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EC2 Run Command feature automates server management

Unlock the power of the relatively unknown EC2 Run Command to consolidate server management in the data center and on EC2 instances.

The Amazon EC2 service has a hidden gem: a feature that enables a developer to remotely run commands and scripts...

on one or more servers. Not only does it work for EC2 instances, but it also automates commands on local servers.

The EC2 Run Command feature is a powerful automation tool for the AWS platform. So, it's important to know how to use it to create consistency across cloud-based and on-premises workloads.

To get started, install an agent on Elastic Compute Cloud (EC2) instances or on-premises servers. Next, run predefined or custom-built commands and scripts on servers to install software, update OS configuration, perform diagnostics or gather configuration information. Execute commands on multiple servers from a single location in the AWS Management Console; this also displays the success or failure of command outputs.

It's not hard to combine the EC2 Run Command feature with existing workloads. Follow these steps to install an application on an existing instance running on AWS.

Configure an IAM Role

EC2 Run Command is part of the EC2 Simple Systems Manager (SSM) suite of tools and services. Grant EC2 instances permission to call the SSM API to process commands and scripts invoked from the EC2 console. Create an AWS Identity and Access Management (IAM) role with required permissions, and assign that role to the instances. To do this, follow these steps:

  1. From the AWS console home screen, click on the IAM shortcut under Security, Identity, and Compliance to navigate to the IAM console.
  2. In the IAM console, click on Roles.
  3. Click on the Create new role button.
  4. Under Select role type, click on Amazon EC2.
  5. On the Attach Policy screen, select the AmazonEC2RoleforSSM policy and then click Next Step.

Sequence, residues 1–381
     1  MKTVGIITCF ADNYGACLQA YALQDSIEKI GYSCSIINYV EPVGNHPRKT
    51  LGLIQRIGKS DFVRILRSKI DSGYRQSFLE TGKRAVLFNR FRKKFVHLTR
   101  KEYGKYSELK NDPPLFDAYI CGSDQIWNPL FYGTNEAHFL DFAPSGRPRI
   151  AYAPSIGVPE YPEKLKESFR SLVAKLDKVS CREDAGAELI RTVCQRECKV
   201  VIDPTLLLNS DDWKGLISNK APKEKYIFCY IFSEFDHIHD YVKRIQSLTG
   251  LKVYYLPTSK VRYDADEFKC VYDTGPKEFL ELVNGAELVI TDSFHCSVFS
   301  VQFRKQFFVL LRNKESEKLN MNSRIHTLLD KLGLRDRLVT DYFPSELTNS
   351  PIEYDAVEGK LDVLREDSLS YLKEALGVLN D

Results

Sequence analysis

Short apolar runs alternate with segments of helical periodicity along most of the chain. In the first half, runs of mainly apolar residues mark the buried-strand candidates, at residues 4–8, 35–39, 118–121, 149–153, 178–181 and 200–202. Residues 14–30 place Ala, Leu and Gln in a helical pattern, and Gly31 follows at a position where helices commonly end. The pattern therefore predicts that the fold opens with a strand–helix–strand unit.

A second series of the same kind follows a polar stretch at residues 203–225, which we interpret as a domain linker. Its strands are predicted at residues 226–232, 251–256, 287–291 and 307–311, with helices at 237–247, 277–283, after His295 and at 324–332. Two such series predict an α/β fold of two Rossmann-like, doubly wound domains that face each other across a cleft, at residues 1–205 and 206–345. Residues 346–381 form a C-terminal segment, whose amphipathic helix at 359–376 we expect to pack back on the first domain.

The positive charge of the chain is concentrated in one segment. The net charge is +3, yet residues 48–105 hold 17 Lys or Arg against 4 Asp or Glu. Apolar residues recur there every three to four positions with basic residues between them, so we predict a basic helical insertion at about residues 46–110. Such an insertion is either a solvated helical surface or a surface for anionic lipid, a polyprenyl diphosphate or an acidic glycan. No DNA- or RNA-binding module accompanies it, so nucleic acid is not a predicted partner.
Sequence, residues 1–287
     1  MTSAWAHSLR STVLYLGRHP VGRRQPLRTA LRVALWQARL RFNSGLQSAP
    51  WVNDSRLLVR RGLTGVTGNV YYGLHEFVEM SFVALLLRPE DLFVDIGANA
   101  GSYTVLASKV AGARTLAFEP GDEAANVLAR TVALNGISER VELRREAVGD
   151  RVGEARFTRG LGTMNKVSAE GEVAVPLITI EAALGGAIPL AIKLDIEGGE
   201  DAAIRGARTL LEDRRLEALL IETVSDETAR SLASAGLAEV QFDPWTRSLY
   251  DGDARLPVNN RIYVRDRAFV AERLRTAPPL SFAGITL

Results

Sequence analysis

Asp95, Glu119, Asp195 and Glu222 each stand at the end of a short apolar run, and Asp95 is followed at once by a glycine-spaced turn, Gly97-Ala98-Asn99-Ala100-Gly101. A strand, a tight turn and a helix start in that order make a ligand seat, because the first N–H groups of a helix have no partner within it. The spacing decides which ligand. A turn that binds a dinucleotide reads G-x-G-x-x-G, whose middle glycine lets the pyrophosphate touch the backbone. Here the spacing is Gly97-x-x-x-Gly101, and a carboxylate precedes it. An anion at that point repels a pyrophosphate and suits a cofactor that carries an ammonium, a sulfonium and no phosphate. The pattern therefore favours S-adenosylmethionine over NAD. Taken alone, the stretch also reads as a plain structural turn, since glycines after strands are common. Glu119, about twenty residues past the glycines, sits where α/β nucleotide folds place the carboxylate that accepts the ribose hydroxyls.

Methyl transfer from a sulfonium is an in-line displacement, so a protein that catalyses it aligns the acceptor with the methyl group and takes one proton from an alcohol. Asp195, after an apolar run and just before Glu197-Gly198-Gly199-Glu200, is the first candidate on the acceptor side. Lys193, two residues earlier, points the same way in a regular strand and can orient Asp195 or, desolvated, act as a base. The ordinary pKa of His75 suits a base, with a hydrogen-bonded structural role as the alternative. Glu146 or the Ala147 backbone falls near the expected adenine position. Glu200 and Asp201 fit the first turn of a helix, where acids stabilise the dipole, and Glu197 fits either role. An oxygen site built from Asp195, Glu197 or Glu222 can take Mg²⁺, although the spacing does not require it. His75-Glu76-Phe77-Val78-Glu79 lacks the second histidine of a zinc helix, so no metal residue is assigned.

6. On the final screen, give the role a name, such as SSMRole, and click Create role.

Install the SSM Agent

After you created the IAM role, install the SSM agent. When creating new EC2 instances, associate the IAM role established in the last step with the instance. Configure the instance to run a user data script and install the SSM agent when the server boots up.

In this example, I'll launch a new instance in the console using the Amazon Linux machine image.

Configure the instance to associate it with the necessary IAM role.
Set the IAM role (SSMRole) for the EC2 instance.

Under Advanced Details, configure a user data script to download and install the SSM agent during instance launch, as shown in Figure 2. AWS offers several versions of the SSM agent to match different OS needs.

This script downloads and installs the SSM agent when creating an instance.
Configure the bootstrapping script for the EC2 instance.

Send a command in the EC2 console

After deploying the instance, commands can execute remotely from the EC2 console. Scroll down on the bottom left-hand side of the console, and click on the Run Command button within System Manager Services.

The system will prompt you to select a command document. There are several built-in command documents that perform common tasks, such as configure Docker on a Linux instance or join a Windows instance to an Active Directory domain. In this example, let's run a custom script called AWS-RunShellScript.

Finally, select the instance to run the script against. Select EC2 instances that have the SSM agent running and have the IAM permissions to communicate with the SSM API (Figure 3). It's possible to select multiple instances on this screen to run commands in parallel against a fleet of servers at once.

EC2 instances must run the SSM agent and have IAM permissions to run the script.
Manually select which instances will run AWS-RunShellScript.

After selecting the instance, scroll down to the Commands field, and input a single command or multiline script. In this example, I'll use the Yellowdog Updater, Modified (yum) package manager to install an Apache web server, as shown in Figure 4.

In this example, the developer runs the yum package manager on an EC2 instance.
Input a command to run on the instance.

Finally, click on the Run button at the bottom of the screen. After executing the command, you can view the progress in real time in the EC2 Run Command console. Select View Output to see any output a command returns.

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